Stuck on stupid II: The Golden Rule

We sure know how to win friends and influence enemies in Louisiana. After our Democrat political leaders, joined by Republican Sen. David Vitter, criticize the federal government for a month, they then ask the federal government for $250 billion for reconstruction, of which $40 billion is for Army Corps of Engineers projects – waiving any state matching requirement.

To put this into perspective:

  • The $250 billion is not far behind the $350 billion estimated spent on the military aspects and their aftermath of the war of terror since Sep. 11, 2001 – which means in reconstruction terms (leaving out the actual war-making expenses), Louisiana actually is asking for more than countries with 10 times its population which face far more damage.
  • The $40 billion is ten times the annual Corps budget, and 100 times the annual amount typically received by Louisiana which gets more such funding than any other state.
  • Also, it is nearly three times the size of the entire request for coastal restoration efforts in the state.
  • Finally, it is over 13 times the present annual state budget, and around 125 times the present annual capital outlay budget.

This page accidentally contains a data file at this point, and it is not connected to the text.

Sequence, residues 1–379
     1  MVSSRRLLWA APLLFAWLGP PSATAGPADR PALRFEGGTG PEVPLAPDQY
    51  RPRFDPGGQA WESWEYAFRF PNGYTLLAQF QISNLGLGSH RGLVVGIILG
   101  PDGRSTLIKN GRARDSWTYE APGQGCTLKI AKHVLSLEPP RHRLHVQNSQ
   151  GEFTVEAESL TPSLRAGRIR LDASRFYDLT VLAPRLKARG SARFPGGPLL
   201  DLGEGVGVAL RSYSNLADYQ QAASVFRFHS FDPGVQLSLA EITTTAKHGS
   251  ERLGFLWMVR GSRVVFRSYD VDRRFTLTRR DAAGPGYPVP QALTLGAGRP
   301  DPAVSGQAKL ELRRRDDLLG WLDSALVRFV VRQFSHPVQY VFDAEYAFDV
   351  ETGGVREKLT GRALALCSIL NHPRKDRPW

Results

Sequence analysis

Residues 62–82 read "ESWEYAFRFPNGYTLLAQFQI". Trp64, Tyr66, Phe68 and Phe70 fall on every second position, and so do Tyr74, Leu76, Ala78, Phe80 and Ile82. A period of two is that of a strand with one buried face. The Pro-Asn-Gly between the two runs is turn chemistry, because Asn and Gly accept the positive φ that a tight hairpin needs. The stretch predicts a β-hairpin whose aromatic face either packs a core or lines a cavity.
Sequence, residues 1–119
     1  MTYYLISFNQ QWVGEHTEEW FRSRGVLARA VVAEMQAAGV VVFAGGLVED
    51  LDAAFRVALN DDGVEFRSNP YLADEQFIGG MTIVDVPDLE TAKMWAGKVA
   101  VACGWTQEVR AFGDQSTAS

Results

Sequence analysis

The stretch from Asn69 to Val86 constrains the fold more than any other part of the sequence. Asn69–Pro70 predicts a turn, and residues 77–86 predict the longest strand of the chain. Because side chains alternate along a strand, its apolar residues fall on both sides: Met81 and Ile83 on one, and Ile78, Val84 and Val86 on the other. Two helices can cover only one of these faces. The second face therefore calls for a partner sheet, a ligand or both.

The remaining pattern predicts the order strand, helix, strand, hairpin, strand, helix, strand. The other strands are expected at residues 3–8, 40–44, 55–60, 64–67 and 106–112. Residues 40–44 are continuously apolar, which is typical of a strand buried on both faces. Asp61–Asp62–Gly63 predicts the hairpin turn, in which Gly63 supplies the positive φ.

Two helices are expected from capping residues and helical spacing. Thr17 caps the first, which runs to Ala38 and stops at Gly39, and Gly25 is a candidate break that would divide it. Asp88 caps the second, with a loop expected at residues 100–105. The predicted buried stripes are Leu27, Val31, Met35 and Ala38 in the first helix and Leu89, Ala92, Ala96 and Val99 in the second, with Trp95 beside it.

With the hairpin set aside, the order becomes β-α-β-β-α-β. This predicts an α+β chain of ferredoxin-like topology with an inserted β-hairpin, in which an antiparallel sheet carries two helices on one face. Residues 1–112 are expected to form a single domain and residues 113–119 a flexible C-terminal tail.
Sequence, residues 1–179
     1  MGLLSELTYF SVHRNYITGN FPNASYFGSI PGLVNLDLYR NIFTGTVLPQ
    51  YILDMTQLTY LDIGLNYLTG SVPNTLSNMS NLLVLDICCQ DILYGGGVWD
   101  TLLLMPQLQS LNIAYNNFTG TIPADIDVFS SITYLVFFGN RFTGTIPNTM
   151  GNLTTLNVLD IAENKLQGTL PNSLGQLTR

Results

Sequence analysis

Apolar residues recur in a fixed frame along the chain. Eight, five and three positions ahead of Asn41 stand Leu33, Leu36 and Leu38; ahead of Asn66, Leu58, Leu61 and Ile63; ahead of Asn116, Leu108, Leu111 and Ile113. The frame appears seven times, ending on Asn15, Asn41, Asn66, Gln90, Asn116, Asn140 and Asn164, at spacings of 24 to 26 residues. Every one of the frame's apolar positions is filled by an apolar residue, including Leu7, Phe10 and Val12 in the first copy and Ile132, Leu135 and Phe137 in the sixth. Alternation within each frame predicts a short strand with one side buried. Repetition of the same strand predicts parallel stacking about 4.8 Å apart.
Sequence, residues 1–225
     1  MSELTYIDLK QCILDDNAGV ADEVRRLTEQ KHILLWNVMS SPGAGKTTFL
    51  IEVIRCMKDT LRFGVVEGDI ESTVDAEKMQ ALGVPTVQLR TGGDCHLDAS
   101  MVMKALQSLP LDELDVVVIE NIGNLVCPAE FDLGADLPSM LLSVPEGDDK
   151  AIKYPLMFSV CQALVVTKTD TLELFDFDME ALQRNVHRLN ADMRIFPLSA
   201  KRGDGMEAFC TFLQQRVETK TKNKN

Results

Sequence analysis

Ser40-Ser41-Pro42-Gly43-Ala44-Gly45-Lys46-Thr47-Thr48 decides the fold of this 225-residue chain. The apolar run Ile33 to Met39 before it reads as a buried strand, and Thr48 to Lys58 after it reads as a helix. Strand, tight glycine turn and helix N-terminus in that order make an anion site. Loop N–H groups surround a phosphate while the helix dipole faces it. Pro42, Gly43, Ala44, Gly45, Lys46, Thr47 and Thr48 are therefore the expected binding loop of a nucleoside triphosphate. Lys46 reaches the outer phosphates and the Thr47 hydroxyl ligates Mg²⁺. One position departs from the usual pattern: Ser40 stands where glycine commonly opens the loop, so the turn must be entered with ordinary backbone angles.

Making matters worse is the pork-laden nature of the request, including such favorites as the project which Sen. Mary Landrieu intervened with which potentially took money away from flood protection for New Orleans and the boondoggle, unnecessary Industrial Canal lock. (Worse, it seems that one of the contributors to the flooding was having the Mississippi River Gulf Outlet channel open, where opponents of the lock’s rebuilding have argued that the Port of New Orleans has deliberately kept the channel open as a bargaining chip for the lock’s rebuilding. The proposal neglects to mandate this closure.)

    In addition, $50 billion of it would being the form of open-ended grants, while $13 billion would go to roads (does that have anything to do with the fact that, over 15 years later, the state still hasn’t finished most road projects it promised to do with a special gasoline tax? Nice, confidence-inspiring track record.) And more extraneous requests are in there – and this does not include the extra social benefits already being paid out by the federal government to displaced people.

    And who would control the disbursement of this money? It seems the nine-person panel would have a Louisiana majority.

    So, let’s get this straight. Louisiana, from some of her federal officials through some state officials all they way down to city and other local governments, countenanced negligence from benign to irresponsible in ensuring proper flood protection and in dealing with hurricanes. And now these same people have formulated a plan wanting the country to pay an incredible sum of money to the state controlled by people from the state to deal with the aftereffects and, apparently, Louisiana’s past inability to utilize our resources efficiently in other areas?

  • The rest of the country is going to look at this and think we’re still stuck on stupid. A little realism, where we look less like unreformed junkies asking for fix because of problems in part we helped to create in our own lives, would be in order in such a request. Remember, after all, the golden rule.